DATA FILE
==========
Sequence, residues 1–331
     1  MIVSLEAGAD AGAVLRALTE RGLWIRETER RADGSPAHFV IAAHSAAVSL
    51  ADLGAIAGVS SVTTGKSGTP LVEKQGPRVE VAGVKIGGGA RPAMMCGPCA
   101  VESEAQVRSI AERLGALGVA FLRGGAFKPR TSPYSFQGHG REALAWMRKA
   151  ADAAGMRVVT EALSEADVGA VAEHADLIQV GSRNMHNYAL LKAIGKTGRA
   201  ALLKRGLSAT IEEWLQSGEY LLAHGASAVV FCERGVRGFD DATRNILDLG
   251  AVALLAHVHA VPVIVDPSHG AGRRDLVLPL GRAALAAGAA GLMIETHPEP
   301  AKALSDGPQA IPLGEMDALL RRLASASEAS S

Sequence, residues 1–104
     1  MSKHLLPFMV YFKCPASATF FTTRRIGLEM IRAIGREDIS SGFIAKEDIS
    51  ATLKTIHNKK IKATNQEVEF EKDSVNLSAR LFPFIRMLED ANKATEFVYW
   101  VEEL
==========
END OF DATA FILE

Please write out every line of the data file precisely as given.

Sequence, residues 1–331
     1  MIVSLEAGAD AGAVLRALTE RGLWIRETER RADGSPAHFV IAAHSAAVSL
    51  ADLGAIAGVS SVTTGKSGTP LVEKQGPRVE VAGVKIGGGA RPAMMCGPCA
   101  VESEAQVRSI AERLGALGVA FLRGGAFKPR TSPYSFQGHG REALAWMRKA
   151  ADAAGMRVVT EALSEADVGA VAEHADLIQV GSRNMHNYAL LKAIGKTGRA
   201  ALLKRGLSAT IEEWLQSGEY LLAHGASAVV FCERGVRGFD DATRNILDLG
   251  AVALLAHVHA VPVIVDPSHG AGRRDLVLPL GRAALAAGAA GLMIETHPEP
   301  AKALSDGPQA IPLGEMDALL RRLASASEAS S

Sequence, residues 1–104
     1  MSKHLLPFMV YFKCPASATF FTTRRIGLEM IRAIGREDIS SGFIAKEDIS
    51  ATLKTIHNKK IKATNQEVEF EKDSVNLSAR LFPFIRMLED ANKATEFVYW
   101  VEEL